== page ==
'How pleasant it is to spend an evening in this way! I declare that after all there is no enjoyment like reading! How much sooner one tires of any thing than of a book! — When I have a house of my own, I shall be miserable if I have not an excellent library.' No one made any reply. She then yawned again, threw aside her book, and cast her eyes round the room in quest of some amusement. — from Pride and Prejudice, by Jane Austen (1775-1817)
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October 29, 2016

Thrice the Brindled Cat Hath Mew'd





The winter rain slashes at my face like icy razor blades, but I don't care. I dig my chin deep into the collar of my mackintosh, put my head down, and push on against the buffeting of the furious wind.
      I am cycling madly toward the village of Bishop's Lacey, fleeing hordes of Hell's hobgobblins.
      The past twenty-four hours have been a nightmare. All I can think about is getting away from Buckshaw.
      Gladys' wheels groan horribly between us. The biting cold has penetrated her steel bones and seized the tendons of her brake cables. She judders wickedly on the slick tarmac, threatening to skid off the road entirely and pitch me into the icy ditch.
      I want to scream into the wind, but I don't. One of us, at least, must keep her wits about her.

As Inspector Hewitt would say, 'Flavia, Flavia, Flavia,'  This is probably the mystery series I look forward to the most, and even though things are changing a little — our Flavia is twelve now, after all — this new one as good as I always hope they will be.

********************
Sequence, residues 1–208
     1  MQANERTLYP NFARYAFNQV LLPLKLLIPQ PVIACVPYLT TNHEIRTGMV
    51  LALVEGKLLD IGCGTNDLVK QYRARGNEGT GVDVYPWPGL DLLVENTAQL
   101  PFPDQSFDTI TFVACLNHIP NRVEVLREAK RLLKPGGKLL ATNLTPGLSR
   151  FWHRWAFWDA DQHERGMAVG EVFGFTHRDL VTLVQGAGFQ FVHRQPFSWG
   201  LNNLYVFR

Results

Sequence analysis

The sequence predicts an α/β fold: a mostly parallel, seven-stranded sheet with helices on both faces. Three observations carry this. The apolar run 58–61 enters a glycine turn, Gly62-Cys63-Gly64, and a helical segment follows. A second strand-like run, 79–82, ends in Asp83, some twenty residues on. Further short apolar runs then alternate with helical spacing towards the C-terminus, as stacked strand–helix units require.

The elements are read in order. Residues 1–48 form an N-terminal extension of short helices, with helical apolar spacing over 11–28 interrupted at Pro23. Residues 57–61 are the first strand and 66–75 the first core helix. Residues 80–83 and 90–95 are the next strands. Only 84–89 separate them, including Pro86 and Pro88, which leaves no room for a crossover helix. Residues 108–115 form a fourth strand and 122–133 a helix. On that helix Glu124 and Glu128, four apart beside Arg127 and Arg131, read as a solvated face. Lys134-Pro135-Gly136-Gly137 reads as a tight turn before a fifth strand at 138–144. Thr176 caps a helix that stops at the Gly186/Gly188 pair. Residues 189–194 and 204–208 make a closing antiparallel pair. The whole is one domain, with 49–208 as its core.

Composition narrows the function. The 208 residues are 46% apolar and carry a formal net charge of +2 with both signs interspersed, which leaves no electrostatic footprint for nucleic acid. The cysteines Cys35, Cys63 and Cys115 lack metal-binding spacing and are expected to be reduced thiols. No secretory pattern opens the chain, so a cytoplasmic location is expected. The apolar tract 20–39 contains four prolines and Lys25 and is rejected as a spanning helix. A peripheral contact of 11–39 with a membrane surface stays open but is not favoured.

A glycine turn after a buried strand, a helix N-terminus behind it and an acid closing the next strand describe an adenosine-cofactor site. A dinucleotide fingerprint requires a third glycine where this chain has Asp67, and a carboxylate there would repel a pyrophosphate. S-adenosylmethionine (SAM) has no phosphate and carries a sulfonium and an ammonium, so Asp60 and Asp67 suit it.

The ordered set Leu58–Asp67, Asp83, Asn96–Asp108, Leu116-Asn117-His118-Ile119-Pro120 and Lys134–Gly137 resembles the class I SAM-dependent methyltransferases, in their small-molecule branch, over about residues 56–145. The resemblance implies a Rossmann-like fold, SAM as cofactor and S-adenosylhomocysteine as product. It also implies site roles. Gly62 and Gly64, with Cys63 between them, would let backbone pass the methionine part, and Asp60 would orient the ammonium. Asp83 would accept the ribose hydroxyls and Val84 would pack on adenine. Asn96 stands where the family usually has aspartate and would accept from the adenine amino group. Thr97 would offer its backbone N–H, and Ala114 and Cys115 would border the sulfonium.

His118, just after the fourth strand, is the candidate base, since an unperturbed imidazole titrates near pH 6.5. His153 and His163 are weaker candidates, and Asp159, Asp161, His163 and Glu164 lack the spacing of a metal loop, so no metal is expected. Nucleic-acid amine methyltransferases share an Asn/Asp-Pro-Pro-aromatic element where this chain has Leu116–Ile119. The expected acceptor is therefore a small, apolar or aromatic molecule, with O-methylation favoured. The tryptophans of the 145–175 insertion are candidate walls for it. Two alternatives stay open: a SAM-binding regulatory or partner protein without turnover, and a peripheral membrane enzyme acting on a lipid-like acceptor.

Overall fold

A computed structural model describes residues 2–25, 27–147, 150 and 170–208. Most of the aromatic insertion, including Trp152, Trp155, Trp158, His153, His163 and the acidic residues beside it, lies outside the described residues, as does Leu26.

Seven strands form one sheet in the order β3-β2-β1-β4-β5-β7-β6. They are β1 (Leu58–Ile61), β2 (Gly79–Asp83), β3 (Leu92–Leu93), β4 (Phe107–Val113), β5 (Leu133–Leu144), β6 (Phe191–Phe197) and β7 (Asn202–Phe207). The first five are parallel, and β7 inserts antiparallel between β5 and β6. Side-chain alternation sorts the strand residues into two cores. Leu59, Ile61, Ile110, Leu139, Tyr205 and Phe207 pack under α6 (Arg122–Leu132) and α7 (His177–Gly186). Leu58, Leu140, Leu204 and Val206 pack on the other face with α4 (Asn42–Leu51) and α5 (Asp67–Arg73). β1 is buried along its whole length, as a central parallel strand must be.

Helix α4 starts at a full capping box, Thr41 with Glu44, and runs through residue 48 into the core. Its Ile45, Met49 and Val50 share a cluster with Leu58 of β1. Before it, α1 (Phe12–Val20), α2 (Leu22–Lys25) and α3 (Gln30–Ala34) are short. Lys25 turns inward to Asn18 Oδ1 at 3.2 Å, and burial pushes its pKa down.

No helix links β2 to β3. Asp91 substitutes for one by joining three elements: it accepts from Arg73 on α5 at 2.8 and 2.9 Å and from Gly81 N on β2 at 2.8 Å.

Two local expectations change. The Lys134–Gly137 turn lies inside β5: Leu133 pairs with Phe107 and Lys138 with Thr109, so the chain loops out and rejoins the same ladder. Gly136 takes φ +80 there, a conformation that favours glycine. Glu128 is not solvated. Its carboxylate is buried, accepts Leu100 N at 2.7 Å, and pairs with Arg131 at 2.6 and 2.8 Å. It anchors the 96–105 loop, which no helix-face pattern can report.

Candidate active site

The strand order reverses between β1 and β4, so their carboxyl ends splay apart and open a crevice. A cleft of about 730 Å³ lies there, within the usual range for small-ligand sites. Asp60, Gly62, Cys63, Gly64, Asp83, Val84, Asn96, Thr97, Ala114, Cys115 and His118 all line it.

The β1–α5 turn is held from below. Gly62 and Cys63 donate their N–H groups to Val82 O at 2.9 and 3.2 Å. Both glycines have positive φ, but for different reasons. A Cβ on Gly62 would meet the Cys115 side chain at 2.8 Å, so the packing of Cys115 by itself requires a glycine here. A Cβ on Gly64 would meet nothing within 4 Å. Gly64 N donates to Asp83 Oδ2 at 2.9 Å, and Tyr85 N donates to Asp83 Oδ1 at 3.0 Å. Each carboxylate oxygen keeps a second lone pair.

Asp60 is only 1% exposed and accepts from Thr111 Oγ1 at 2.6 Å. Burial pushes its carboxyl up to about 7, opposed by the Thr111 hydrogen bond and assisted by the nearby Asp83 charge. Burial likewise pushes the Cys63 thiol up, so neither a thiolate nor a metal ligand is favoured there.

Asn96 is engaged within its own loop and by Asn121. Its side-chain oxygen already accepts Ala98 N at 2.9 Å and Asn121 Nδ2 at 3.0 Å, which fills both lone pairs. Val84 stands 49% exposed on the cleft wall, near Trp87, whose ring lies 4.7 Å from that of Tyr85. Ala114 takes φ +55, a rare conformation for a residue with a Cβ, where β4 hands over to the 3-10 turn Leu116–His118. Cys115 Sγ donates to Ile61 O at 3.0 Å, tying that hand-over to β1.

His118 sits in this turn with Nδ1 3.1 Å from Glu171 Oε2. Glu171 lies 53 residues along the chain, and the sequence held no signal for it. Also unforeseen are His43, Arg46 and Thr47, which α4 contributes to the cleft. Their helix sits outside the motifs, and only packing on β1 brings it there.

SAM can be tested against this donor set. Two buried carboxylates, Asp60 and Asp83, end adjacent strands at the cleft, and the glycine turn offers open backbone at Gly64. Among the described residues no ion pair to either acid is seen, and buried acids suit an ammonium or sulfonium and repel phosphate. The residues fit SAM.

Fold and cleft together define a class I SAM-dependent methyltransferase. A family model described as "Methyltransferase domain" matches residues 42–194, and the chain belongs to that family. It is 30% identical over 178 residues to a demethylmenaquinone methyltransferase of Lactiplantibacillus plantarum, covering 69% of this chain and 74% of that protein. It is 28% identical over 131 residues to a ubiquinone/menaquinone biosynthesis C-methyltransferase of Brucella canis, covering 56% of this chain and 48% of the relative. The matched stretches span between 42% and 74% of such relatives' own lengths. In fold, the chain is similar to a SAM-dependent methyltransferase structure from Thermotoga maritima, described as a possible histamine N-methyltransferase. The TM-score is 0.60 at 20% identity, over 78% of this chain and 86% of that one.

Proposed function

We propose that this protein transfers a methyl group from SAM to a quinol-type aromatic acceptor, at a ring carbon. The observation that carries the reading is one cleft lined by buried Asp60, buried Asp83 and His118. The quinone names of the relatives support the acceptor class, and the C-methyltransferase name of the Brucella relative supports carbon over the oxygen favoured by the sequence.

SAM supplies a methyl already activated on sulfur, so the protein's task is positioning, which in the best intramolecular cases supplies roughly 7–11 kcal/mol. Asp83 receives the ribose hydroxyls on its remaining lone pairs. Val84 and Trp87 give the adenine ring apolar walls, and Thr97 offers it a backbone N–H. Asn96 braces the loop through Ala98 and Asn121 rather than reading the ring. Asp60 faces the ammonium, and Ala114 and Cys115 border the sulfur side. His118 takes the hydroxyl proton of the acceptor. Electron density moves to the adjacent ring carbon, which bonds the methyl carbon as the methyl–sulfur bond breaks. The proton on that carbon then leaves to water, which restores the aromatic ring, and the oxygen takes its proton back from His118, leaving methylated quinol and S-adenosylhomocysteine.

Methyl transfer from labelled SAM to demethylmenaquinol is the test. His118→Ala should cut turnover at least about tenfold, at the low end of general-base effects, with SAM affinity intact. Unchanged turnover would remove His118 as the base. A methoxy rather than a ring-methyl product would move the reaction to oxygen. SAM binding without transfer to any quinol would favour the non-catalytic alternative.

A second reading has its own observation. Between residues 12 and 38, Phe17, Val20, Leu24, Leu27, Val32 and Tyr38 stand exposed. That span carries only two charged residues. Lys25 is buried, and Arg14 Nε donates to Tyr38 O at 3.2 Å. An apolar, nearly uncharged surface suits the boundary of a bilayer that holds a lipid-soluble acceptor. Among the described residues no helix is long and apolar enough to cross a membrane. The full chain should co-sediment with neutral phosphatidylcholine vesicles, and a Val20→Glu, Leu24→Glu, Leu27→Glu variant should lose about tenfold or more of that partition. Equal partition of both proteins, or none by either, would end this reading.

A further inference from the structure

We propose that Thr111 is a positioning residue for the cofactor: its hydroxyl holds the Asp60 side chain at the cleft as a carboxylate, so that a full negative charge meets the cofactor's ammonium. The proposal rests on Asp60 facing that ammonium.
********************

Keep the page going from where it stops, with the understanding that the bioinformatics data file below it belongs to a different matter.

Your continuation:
Returning home from her term at Miss Bodycote's Female Academy, Flavia expects a warm welcome at the station, but is greeted by Dogger with the news that her father is in the hospital, seriously ill with pneumonia.  When she visits Cynthia, the overworked vicar's wife, Flavia volunteers to deliver a message to Mr. Sambridge, 'a very clever wood-carver' who lives in the neighboring village of Stowe Pontefract.  Of course, being Flavia, she discovers a body, and becomes embroiled in a mystery involving a famous author and his main character, a boy named Crispian Crumpet.

As in the last book, there's a little less chemistry and a little less silliness, but Flavia is still a wonderful character.  I started reading this book in print {thanks to NetGalley and Random House!} but I finished with the audiobook, narrated as usual by Jayne Entwhistle, who is as always a perfect Flavia.

{It's just a coincidence that I'm reading another mystery — Closed Casket, Sophie Hannah's second Hercule Poirot novel — that revolves around a famous author of children's books, but I'm enjoying that one too.}


Thrice the Brindled Cat Has Mew'd:  a Flavia de Luce mystery, by Alan Bradley
Random House, 2016
From Random House, via NetGalley, and as an audiobook, borrowed from the library



2 comments:

JoAnn said...

Why haven't I read any of these books yet? I've never met a reader who doesn't love Flavia :)

Audrey said...

Listen to one! I think you'd agree with me about the narration. :)

Thank you for visiting!

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